Amazon— May They Choke on My Vomit

by wjw on March 4, 2016

So here I am running a sale on my Metropolitan ebook, as detailed a couple posts ago. And then comes a notice from Amazon Quality Control saying that they blocked my book from sale!

Now what horrible quality control issue was so urgent that they had to completely block my book from sale during the middle of a major promotion? Here it is:

“The HTML Table of Contents is present in the middle/back of the content. Please provide the Table of Contents at the beginning of the book as per the Section 3.3.6 in Amazon Kindle Publishing Guidelines”

WTF?? I put the TOC at the end so that people wouldn’t have to wade through chapter headings when they wanted to start the story, particularly if they had clicked for their sample 10% and only got a small percentage of the text anyway.

This doesn’t affect the reading in any way. When you click “Table of Contents” on your Kindle reader, the same Table of Contents shows up no matter where it is in the file.

This is a NORMAL way to organize an ebook. TENS OF THOUSANDS of Amazon’s ebooks are organized in just this way, including many from major publishers.

I’ve uploaded a new file with the TOC moved to the start, but Amazon is still blocking the book from being sold. It’s been blocked for over 24 hours now, during promotion THAT I PAID FOR.

Anyone who wants the book should go to Smashwords and download the Kindle-ready file there.

UPDATE: Amazon has restored my buy button.

John Appel March 5, 2016 at 12:41 pm

Meanwhile, Barnes & Noble is suspending Nook e-book sales in the UK, transferring the DRM licensing to Sainsbury, through which users will be able to access “the vast majority” of content they already paid for.,2817,2500329,00.asp

Wondering when the US Nook business will go the same way.

E-books are clearly going to remain a big part of the future, but it’s also clear that the business model is going to evolve. My fear is it’s going to get stuck further into the realm of “stacks” – Apple, Google, and Amazon, primarily.

Richard Grant March 5, 2016 at 8:57 pm

It was absolutely wrong for Amazon to block your book – which I bought before it was blocked – during the sale.

Having said that, while the Table of Contents shows up in the Kindle (go-to-the) Table of Contents feature wherever the TOC is in the file, I believe that the TOC shows up in the book’s Look Inside feature on its Amazon webpage only when the TOC is in the front of the file.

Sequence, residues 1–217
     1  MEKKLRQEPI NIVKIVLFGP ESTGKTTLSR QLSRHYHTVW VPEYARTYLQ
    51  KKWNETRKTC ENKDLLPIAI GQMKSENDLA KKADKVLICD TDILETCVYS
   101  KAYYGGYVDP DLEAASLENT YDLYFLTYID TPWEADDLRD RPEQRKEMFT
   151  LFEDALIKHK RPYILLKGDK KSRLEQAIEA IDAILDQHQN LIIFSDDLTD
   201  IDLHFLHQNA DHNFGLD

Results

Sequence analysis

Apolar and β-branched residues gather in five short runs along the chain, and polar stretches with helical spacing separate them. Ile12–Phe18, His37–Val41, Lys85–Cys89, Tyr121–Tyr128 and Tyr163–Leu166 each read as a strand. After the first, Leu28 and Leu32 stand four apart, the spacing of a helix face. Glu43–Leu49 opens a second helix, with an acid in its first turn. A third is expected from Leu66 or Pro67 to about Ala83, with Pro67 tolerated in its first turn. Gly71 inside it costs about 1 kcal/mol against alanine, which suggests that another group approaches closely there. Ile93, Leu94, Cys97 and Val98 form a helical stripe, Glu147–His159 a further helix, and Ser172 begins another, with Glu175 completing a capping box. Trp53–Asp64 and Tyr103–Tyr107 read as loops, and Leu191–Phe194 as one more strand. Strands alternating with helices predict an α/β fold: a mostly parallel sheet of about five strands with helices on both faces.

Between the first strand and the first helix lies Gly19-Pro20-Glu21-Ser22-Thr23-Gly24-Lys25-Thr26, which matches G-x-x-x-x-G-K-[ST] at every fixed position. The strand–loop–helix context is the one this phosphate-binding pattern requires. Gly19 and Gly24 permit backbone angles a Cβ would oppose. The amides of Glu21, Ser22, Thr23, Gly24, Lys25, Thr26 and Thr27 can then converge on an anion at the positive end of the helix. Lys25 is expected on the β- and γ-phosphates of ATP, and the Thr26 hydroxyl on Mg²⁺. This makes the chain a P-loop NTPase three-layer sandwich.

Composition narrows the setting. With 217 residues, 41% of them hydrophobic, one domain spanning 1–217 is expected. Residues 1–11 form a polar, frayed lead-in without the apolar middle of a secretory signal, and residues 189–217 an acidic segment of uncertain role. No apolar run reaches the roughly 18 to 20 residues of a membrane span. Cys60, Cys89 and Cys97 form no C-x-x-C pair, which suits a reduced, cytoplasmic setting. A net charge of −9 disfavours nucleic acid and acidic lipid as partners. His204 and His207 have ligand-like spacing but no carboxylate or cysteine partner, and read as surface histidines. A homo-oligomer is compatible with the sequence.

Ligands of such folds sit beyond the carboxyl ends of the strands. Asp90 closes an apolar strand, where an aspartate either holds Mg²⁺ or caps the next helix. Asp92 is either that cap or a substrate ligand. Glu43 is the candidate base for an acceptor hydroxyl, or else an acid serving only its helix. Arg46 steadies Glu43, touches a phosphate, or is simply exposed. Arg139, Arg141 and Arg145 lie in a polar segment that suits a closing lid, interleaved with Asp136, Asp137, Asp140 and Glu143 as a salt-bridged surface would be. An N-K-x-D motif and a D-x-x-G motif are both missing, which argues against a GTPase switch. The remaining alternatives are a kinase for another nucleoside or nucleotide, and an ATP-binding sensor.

When I consider buying an author’s story collection or an anthology at Amazon, I use Look Inside to check the TOC for which stories or which authors’ stories are in the ebook. But when the TOC basically consists of a novel’s numbered or titled chapters, it doesn’t provide any value there.

It would be better if Amazon modified its guidelines to require only the TOC for a collection or anthology to be in the front of the file.

Travis March 12, 2016 at 9:10 am

I’m working backwards through posts on my phone so just now seeing what the furor was all about…. I don’t see why amazon cares that much- interestingly I always want table of contents for ‘look inside’ but I’m annoyed when the sample contains TOC.

Anyway… I’m looking forward to rereading Metropolitan- my print version didn’t make the west coast move -no fiction did 🙁 and I remember enjoying it 🙂

Linds, I.Designs, Formatter March 30, 2016 at 12:55 pm

Someone posted this on Clean Indie Reads – and while I don’t really have time to get involved in the whole discussion there, I wanted to leave you a few comments real quick.

I believe that if you hadn’t used an HTML TOC at all, just an NCX one, you wouldn’t have been troubled by any of this at all. They are trying to weed out scamming authors who put HTML TOCs at the end of their ebooks to boost their number of pages read.

TBH, I think they should issue a warning, give you a chance to change it before they just yank it off of Amazon. It doesn’t sound like you put the TOC at the end with any ulterior motives. I don’t even know if you are signed up for Kindle Unlimited, lol.

They should have also informed you of exactly why this is an issue. Doesn’t do much for making you want to stick with KDP in the future, eh?

Bookbub is expensive and I am sorry that you had to go through all of that. Calibre makes it really easy to create a NCX TOC, eliminating anyone’s need for an HTML one, doesn’t clunk up any space, and it’s much, much easier on the eyes.

wjw March 30, 2016 at 4:20 pm

Amazon scammed authors (and saved themselves a bunch of money) by instituting the “we only pay for pages read” rule.

Then they were outraged when authors began scamming them back.

Serves them right.

Danny in Canada April 19, 2016 at 5:33 pm

unfortunately, those who “scam Amazon back” are rarely authors and more often just spammers who autogenerate markov-chain gibberish, then hire clickfarms to bulk-download the ‘books’.

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